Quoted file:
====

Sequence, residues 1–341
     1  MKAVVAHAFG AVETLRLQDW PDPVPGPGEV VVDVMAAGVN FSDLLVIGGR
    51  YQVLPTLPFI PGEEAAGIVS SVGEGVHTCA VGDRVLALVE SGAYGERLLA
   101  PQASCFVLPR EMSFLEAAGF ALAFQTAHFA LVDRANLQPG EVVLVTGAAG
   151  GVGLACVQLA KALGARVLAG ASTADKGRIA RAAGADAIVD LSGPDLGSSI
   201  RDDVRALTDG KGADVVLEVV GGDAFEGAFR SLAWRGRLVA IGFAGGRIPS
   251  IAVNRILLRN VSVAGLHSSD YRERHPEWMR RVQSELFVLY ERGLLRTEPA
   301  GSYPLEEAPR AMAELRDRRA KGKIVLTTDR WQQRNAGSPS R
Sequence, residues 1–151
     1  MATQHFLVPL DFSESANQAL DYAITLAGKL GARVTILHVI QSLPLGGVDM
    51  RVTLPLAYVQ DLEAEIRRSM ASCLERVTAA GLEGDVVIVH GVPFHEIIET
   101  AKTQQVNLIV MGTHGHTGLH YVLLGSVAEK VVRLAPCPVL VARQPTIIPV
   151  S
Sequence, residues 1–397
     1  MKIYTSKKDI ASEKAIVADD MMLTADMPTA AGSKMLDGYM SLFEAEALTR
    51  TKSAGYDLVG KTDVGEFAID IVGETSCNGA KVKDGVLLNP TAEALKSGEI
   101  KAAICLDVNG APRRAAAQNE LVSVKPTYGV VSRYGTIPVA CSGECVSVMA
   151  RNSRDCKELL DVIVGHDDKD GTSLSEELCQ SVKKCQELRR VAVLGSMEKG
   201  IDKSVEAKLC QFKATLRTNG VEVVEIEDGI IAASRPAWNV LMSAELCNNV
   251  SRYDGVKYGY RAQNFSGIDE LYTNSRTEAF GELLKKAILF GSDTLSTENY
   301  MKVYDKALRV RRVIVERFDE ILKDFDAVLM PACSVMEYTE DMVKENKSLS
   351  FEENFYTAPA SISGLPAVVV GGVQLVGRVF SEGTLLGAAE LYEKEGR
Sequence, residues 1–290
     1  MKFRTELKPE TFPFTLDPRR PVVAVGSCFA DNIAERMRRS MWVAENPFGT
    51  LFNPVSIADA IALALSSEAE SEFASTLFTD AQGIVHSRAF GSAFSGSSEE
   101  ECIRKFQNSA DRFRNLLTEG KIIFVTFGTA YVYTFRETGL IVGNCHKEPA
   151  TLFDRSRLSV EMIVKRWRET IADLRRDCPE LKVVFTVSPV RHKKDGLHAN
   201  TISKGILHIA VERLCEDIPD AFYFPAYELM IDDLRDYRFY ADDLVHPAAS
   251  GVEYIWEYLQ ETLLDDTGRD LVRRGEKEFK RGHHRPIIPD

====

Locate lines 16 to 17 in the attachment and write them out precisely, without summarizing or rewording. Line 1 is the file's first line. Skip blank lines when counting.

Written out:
    51  TKSAGYDLVG KTDVGEFAID IVGETSCNGA KVKDGVLLNP TAEALKSGEI
   101  KAAICLDVNG APRRAAAQNE LVSVKPTYGV VSRYGTIPVA CSGECVSVMA